Each participating country, other than the host country, may submit suggested problems to a Problem Selection Committee provided by the host country, which reduces the submitted problems to a shortlist. The team leaders arrive at the IMO a few days in advance of the contestants and form the IMO Jury which is responsible for all the formal decisions relating to the contest, starting with selecting the six problems from the shortlist. The Jury aims to select the problems so that the order in increasing difficulty is Q1, Q4, Q2, Q5, Q3 and Q6. As the leaders know the problems in advance of the contestants, they are kept strictly separated and observed.[12]

Each country's marks are agreed between that country's leader and deputy leader and coordinators provided by the host country (the leader of the team whose country submitted the problem in the case of the marks of the host country), subject to the decisions of the chief coordinator and ultimately a jury if any disputes cannot be resolved.[13]

Selection process

A stage in the process of solving a problem1 from the AIME, part of the US's selection process.

The selection process for the IMO varies greatly by country. In some countries, especially those in east Asia, the selection process involves several difficult tests of a difficulty comparable to the IMO itself.[14] The Chinese contestants go through a camp, which lasts from March 16 to April 2.[15] In others, such as the USA, possible participants go through a series of easier standalone competitions that gradually increase in difficulty. In the case of the USA, the tests include the American Mathematics Competitions, the American Invitational Mathematics Examination, and the United States of America Mathematical Olympiad, each of which is a competition in its own right. For high scorers on the final competition for the team selection, there also is a summer camp, like that of China.[16]

The former Soviet Union and other eastern European countries' selection process consists of choosing a team several years beforehand, and giving them special training specifically for the event. However, such methods have been discontinued in some countries.[17] In Ukraine, for instance, selection tests consist of four olympiads comparable to the IMO by difficulty and schedule. While identifying the winners, only the results of the current selection olympiads are considered.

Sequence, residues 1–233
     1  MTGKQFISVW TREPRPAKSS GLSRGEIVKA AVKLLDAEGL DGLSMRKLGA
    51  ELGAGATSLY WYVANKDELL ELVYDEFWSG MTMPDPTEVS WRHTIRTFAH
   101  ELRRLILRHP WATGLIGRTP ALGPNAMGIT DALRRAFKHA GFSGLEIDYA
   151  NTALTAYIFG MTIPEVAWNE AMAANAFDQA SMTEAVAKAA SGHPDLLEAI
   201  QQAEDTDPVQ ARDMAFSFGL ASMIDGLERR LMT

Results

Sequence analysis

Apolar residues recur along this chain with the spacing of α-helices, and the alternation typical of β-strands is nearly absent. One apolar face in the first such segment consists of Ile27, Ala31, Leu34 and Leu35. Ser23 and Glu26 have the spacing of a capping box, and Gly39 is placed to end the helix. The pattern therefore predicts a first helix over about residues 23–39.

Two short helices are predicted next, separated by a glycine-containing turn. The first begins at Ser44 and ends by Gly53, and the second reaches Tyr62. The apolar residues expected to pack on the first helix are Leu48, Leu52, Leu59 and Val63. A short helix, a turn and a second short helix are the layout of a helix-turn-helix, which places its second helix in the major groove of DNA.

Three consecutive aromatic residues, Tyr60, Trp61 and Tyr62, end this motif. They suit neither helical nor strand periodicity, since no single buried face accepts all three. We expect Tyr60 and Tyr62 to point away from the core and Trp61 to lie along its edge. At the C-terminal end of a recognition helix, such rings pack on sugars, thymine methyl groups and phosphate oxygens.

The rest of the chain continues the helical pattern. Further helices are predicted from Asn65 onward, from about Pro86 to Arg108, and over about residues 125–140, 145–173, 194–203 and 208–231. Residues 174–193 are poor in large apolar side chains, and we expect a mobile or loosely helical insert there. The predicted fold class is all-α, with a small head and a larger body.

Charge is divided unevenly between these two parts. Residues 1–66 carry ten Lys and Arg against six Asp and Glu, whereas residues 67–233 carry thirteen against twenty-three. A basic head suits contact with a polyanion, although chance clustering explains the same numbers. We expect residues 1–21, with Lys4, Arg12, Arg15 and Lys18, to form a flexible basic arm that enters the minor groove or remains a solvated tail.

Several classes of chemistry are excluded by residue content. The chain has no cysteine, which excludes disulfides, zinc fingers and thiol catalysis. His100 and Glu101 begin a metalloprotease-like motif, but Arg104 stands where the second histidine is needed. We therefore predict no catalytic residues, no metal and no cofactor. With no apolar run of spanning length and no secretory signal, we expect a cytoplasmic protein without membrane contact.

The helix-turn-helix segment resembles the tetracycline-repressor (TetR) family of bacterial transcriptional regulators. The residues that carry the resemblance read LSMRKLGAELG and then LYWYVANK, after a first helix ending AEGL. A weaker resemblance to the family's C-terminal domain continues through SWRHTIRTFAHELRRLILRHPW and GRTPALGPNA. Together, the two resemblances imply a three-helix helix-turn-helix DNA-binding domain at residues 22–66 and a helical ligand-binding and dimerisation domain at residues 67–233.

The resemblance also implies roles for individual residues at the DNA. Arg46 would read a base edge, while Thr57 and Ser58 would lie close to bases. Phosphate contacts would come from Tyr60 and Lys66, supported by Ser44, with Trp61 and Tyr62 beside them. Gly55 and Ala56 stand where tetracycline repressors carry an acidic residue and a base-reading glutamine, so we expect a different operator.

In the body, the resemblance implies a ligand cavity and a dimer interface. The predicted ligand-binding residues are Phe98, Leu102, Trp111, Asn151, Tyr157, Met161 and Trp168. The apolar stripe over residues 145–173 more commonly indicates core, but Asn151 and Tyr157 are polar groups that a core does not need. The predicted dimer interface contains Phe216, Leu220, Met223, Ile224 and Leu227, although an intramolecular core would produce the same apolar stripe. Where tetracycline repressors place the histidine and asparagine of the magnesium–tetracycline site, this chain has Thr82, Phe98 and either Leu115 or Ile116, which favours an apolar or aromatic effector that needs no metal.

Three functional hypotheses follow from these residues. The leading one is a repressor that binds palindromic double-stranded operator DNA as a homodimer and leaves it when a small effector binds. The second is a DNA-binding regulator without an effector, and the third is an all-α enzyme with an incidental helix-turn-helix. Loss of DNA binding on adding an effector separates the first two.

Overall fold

The participants are ranked based on their individual scores. Medals are awarded to the highest ranked participants, such that slightly less than half of them receive a medal. Subsequently the cutoffs (minimum scores required to receive a gold, silver or bronze medal respectively) are chosen such that the ratio of gold to silver to bronze medals awarded approximates 1:2:3. Participants who do not win a medal but who score seven points on at least one problem receive an honorable mention.[18]

Special prizes may be awarded for solutions of outstanding elegance or involving good generalisations of a problem. This last happened in 1995 (Nikolay Nikolov, Bulgaria) and 2005 (Iurie Boreico), but was more frequent up to the early 1980s.[19] The special prize in 2005 was awarded to Iurie Boreico, a student from Moldova, who came up with a brilliant solution to question 3, which was an inequality involving three variables.

The rule that at most half the contestants win a medal is sometimes broken if adhering to it causes the number of medals to deviate too much from half the number of contestants. This last happened in 2010, when the choice was to give either 226 (43.71%) or 266 (51.45%) of the 517 (excluding the 6 from North Korea — see below) contestants a medal,[20] 2012, when the choice was to give either 226 (46.35%) or 277 (50.55%) of the 548 contestants a medal, and 2013, when the choice was to give either 249 (47.16%) or 278 (52.65%) of the 528 contestants a medal.


North Korea was disqualified for cheating at the 32nd IMO in 1991 and the 51st IMO in 2010.[21] It is the only country to have been accused of cheating. There is some debate as to whether North Korea was actually cheating, especially in the 51st IMO.

Recent and future IMOs

Members of the 2007 IMO Greek team.

Notable achievements

From left to right, Gabriel Carroll, US, Reid Barton, US, Liang Xiao, China, and Zhiqiang Zhang, China, the four perfect scorers in the 2001 IMO held in the US.